- 14.7 Or the opposite
- 14.7.1 Proof denial by continually sowing doubt
- 14.7.2 Proof denial by citing vested interest
- 15. Entries suggested by Vivek Joy Kozhikkottu
- 15.1 Proof by “Its too good to be true”
- 15.2 Proof by lack of space
- 15.3 Proof by pity
- 16. Entry suggested by John McGoff
- 16.1 Proof by page turning
- 17. Entry suggested by Scott A. McIntyre
- 17.1 Proof by legislation
- 18. Entry suggested by John Norberg
- 18.1 Proof by Elephant
- 19. Entry suggested by Alex Papanicolaou
- 19.1 Proof by exercise
- 20. Entry suggested by József Pék
- 20.1 Proof by condescence and reassurance
- 21. Entries suggested by Arnold G. Reinhold
- 21.1 Proof by ethical exclusion
- 21.2 Proof by legal intimidation
- 21.3 Proof by demonstrating equivalence to a problem thought to be hard
- 21.4 Proof by unclaimed reward
- 21.5 Proof by Never-Ending Revision
- 22. Entries suggested by Noemi Reynolds
- 22.1 Proof by being a nice person
- 22.2 Proof by appeal to humanity
- 22.3 Proof by establishing and then tearing down a straw man
- 22.4 Proof by circular argument
- 23. Entry suggested by Greg Rose
- 23.1 Proof by Sketch or Outline
- 24. Entries suggested by Lucas Scharenbroich
- 24.1 Proof by haste
- 24.2 Proof by mercy
- 25. Entry suggested by John Snider
- 25.1 Proof by Lack of Counter Example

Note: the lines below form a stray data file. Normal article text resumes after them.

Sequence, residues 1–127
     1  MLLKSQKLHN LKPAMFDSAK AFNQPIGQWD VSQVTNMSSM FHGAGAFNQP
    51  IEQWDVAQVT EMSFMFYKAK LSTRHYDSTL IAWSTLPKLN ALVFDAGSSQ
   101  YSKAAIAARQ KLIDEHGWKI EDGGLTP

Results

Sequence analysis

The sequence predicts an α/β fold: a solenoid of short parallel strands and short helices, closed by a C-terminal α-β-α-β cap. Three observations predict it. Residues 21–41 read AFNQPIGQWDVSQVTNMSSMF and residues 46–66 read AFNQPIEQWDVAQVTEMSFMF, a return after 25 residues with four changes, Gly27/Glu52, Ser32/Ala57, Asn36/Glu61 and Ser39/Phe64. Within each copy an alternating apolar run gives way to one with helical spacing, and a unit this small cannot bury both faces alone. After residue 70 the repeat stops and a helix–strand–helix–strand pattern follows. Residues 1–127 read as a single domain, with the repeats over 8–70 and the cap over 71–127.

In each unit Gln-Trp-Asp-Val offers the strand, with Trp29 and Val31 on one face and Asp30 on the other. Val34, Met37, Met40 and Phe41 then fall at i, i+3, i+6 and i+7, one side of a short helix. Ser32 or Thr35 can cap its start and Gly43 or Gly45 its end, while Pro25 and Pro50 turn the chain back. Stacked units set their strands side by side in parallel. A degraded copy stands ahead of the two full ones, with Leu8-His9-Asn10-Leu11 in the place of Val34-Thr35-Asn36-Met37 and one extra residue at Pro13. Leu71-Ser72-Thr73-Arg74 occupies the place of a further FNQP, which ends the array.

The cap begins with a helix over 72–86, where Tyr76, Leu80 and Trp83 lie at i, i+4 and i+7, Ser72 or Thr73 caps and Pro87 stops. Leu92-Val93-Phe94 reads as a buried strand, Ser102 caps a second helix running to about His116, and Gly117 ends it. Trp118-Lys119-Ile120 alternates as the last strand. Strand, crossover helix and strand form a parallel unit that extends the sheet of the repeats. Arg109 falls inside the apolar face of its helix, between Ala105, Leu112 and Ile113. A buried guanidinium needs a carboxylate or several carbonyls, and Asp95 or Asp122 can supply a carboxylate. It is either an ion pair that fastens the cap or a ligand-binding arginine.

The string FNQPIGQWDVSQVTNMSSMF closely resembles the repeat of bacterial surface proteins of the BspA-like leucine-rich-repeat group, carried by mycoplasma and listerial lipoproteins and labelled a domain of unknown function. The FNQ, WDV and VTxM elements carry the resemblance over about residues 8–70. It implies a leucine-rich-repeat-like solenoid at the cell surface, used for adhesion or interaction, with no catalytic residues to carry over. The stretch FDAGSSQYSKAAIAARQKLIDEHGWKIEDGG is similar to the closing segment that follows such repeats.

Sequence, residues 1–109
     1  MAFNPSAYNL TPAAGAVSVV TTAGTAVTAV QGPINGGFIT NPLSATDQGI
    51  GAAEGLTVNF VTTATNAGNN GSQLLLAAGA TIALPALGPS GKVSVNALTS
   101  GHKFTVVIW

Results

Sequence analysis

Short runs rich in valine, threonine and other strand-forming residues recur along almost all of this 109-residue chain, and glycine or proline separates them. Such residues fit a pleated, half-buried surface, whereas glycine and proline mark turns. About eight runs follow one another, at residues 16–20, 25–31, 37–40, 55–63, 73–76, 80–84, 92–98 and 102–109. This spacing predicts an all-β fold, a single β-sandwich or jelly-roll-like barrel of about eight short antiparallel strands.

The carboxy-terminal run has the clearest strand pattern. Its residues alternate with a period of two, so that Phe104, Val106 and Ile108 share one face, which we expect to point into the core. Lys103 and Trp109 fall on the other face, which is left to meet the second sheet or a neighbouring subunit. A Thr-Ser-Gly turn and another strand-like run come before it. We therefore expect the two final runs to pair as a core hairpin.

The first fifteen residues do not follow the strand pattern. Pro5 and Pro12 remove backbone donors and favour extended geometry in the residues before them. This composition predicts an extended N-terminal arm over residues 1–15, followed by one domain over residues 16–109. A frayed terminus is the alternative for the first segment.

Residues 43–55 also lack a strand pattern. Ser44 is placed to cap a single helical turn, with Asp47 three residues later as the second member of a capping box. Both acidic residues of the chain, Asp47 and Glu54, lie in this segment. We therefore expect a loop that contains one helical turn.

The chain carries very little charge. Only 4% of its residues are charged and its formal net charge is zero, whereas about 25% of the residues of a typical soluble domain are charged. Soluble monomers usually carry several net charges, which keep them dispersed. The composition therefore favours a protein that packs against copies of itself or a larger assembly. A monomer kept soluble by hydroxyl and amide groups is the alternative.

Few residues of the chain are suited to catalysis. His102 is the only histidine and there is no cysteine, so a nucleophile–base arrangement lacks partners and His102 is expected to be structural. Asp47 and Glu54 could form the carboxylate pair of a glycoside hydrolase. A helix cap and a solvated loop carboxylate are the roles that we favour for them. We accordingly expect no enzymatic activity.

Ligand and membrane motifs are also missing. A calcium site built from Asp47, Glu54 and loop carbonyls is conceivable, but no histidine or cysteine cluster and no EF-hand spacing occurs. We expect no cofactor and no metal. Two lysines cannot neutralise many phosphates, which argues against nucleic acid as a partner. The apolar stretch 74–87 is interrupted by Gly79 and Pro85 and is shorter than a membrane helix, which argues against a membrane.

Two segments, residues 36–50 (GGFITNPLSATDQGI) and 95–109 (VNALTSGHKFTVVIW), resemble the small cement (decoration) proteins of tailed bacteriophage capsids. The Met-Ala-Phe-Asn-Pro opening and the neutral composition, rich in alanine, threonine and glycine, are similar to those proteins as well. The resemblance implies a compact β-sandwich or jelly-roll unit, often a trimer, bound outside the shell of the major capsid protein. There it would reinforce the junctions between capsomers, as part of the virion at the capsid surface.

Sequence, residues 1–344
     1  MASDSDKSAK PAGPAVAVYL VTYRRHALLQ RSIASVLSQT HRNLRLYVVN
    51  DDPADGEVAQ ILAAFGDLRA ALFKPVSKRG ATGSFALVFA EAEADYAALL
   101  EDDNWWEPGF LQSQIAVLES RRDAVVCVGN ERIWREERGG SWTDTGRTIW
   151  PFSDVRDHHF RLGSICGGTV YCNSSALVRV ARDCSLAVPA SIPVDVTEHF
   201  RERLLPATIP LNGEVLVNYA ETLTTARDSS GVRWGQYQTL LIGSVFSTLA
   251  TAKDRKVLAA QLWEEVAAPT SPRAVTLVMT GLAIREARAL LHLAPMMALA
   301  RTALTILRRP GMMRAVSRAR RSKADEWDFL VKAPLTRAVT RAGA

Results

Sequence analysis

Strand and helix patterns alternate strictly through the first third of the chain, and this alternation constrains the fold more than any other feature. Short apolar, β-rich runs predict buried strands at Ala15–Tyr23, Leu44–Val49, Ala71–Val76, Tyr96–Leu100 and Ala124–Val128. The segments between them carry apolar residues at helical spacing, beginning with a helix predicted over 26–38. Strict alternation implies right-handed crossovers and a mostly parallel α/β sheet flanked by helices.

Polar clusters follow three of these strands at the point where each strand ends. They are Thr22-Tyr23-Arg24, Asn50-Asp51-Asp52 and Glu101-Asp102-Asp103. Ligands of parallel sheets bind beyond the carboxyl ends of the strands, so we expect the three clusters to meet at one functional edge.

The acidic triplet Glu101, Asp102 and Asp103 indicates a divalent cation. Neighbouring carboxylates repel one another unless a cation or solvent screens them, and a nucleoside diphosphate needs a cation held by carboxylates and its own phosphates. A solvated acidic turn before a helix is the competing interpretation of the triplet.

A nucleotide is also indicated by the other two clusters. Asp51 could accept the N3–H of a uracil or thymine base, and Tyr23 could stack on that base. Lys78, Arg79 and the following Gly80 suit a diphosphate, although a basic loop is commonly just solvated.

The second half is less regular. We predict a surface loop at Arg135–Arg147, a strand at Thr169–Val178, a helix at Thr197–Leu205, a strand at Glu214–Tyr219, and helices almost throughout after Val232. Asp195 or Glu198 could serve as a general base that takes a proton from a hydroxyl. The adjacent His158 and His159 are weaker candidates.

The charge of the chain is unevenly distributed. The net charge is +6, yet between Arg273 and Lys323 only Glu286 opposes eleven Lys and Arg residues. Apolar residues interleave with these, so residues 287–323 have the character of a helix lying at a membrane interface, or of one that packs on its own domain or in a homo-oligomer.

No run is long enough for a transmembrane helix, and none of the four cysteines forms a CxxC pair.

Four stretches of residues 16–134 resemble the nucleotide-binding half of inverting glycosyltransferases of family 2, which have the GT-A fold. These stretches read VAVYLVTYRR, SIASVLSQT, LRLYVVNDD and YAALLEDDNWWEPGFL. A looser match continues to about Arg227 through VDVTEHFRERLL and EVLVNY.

- 26. Entry suggested by Ki Song
- 26.1 Proof by Exhaustion of Grader
- 27. Entry suggested by Moritz Voss
- 27.1 Proof by Recess
- 28. Entries suggested by David N Werner
- 28.1 Proof by lyricism
- 28.2 Interdisciplinary proof
- 28.3 Proof by word order
- 28.4 Proof by sneak preview
- 29. Entries suggested by Thomas Zaslavsky
- 29.1 Proof by semantic shift
- 29.2 Proof by slippery definitions
- 29.3 Proof by countervailing errors
- 29.4 Proof by overwhelming errors

“The other 253 cases are analogous.”

“...”

[I learnt this from an applied maths lecturer at ANU in the late 1970's; and he actually used it! He would write using chalk with one hand, and an eraser in the other.]

They draw a little figure of how they think, e.g. a graph looks like, and deduce facts by this illustration. This way often special cases (like empty graph, isolated nodes, ...) are ignored.

and

A cow have four more legs than no cow. No cow has five legs.

Therefore, a cow has nine legs.

"If it walks like an elephant, talks like an elephant, it must be an elephant."

Person A: “The vast majority of primes are odd.”

Person B: “Person A says all primes are odd. But 2 is prime and not odd so A's statement is wrong.”

The student basically tried to enumerate every single group of that order, and he/she basically went through each group to show that the property holds for them.

The grader wrote on the page: “Proof by Exhaustion of Grader.”

-between 10 and 15 minutes pass-

“...as proven before recess, we can now ...”

Author: Berwin A Turlach

Date Last modified:Tue Dec 31 14:23:57 WST 2013

Feedback: please direct comments about this page to Berwin.Turlach@gmail.com

URL: http://www.maths.uwa.edu.au/~berwin/humour/invalid.proofs.html